Freidan & me
She provided a language with which women the world over could shun traditional roles and break loose from the confines of a suffocating notion of femininity
February 8, 2006
I was a little girl when I met Betty Freidan in Tehran. She was attending a women’s conference organized by the Saazemaane Zanaan, the Iranian Women’s Organization that was inspired and led by the Shah’s rather notorious sister, Ashraf. My mother, one of the founding member’s of that organization, invited Freidan and Germaine Greer to our house for tea. I was not old enough to understand feminism though I was sort of a tomboy feminist -- one who got her feminism from being able to kick the ball as good as any boy on the playground.
I had not yet read the feminist tracts that these pioneers had written yet I immediately liked them. They were loud and flamboyant and shunned the civility and decorum that was the signature of the Saazemaane-Zanaani type feminists like my mom. I later came to call the former: "Kot Daamani", skirt-suited, feminists.
They achieved much good but to advance in the Saazemaane Zanaan you had to be a courtier to Ashraf. Ashraf being famously heterosexual with an allegedly voracious appetite for men, kept the Saazemaane Zanaane feminine -- no bra-burning rituals or man-bashing consciousness raising sessions there; just mild rubber-stamped change from above.
Those Iranian feminist pioneers were mostly very well-dressed: in designer suits and high heels and coiffed hair. They looked nothing like Betty Freidan or Germaine Greer, who to my young eyes, were the very embodiment of my own tomboyish aversion to excessive grooming. The Saazemaan Zanaanis were more Imelda Marcus than Betty Freidan.
Later when I came to study in America, I had the opportunity to study Freidan. More than anything I found her simple explaining away of Freud’s notion of penis envy in women brilliant. Of course, Freidan, argued in, “The Feminine Mystique” (1963), Victorian middle-class women had every reason to envy men but that was not due to an anatomical inferiority complex. It was simply because men had more opportunities and choices available to them. Culture not nature was responsible for their neurosis.
Freidan gave a wake up call to the American house wife in naming their “unnamed” problem: being trapped in a notion of womanhood that was based on the presumption that women were inherently inferior to men. The Feminine Mystique, as Freidan called it, was all the misogyny of the Victorian Freud dressed in the new scientific garb of the forties and imposed on women in the suburbs of America. Women who were educated and intelligent, like Freidan herself, but for whom motherhood and wifehood was simply not enough. Freidan provided the language and the logic with which women could express their discontentment with traditional roles.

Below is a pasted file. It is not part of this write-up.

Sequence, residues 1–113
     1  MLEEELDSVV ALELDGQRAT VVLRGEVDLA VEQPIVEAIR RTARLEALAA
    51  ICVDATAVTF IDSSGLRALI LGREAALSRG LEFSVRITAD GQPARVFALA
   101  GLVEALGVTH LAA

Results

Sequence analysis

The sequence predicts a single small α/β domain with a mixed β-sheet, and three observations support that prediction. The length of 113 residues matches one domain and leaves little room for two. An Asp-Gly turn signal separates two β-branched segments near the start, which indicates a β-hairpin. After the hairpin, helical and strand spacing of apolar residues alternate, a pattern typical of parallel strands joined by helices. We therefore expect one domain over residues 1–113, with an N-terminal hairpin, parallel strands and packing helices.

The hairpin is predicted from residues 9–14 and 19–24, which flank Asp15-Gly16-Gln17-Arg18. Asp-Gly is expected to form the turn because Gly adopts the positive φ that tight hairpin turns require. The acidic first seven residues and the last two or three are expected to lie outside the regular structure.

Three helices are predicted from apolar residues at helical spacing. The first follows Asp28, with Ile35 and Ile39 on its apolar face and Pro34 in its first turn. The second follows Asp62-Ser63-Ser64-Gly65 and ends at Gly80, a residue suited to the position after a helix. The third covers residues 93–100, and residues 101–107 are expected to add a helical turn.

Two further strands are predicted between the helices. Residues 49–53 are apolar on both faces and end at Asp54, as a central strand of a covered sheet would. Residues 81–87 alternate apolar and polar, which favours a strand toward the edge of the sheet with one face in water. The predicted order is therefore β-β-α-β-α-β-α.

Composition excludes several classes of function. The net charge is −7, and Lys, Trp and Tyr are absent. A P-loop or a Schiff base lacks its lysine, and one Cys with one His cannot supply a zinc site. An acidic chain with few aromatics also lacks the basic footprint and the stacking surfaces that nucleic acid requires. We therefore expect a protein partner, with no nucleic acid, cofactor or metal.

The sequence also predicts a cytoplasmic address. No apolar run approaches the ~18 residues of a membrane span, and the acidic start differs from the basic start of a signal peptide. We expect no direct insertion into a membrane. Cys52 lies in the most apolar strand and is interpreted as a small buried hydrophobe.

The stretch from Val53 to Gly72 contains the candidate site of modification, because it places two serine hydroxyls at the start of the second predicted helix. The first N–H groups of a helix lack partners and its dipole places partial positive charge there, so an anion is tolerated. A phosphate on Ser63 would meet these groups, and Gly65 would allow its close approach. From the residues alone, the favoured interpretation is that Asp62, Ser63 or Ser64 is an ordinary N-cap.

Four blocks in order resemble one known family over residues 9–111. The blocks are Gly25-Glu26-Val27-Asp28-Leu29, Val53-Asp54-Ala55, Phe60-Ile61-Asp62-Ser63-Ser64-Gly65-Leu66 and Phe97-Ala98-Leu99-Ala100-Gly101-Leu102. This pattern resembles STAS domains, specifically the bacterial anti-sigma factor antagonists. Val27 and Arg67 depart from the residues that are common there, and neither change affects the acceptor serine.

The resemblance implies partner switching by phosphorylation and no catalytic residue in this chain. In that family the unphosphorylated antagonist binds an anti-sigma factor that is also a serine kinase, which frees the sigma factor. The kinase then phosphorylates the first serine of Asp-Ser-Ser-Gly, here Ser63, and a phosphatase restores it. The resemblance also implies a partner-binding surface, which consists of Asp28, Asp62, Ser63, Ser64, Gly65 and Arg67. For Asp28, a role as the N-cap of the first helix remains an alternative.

For this reason Freidan is a pioneer. She provided a language with which women the world over could shun traditional roles and break loose from the confines of a suffocating notion of femininity.
We have come a long way from Betty Freidan to Camille Paglia whose feminism is at once more sophisticated and provocative. But Freidan was the mother of Paglia.
Paglia argues that the early and ‘mainstream’ feminists blamed men while they should have blamed nature and women themselves. She believes that mainstream feminism alienated many men and women because it failed to understand the erotic workings of the psyche. We have never had a female Mozart, Paglia claimed, in a Playboy interview, because we have never had a female Jack the Ripper!
But Paglia should concede that her very success, her audacity, indeed the reach of her yell, is all possible because Freidan provided both the forum and the microphone that projected women’s voices for generations.
As a little girl in Iran what attracted me to Betty Freidan and Germaine Greer, their earthiness, careless dress and lack of decorum, compared to my own mother and her friends was, in a way, the very essence of their message: you do not have to be feminine to be a woman.
That choice is Betty Freidan’s legacy. Women now can choose what kind of a woman they want to be. Paglia, professor and Lesbian pundit, anti-feminist, feminist and anti-liberal, liberal is a living example of that choice which Freidan first named.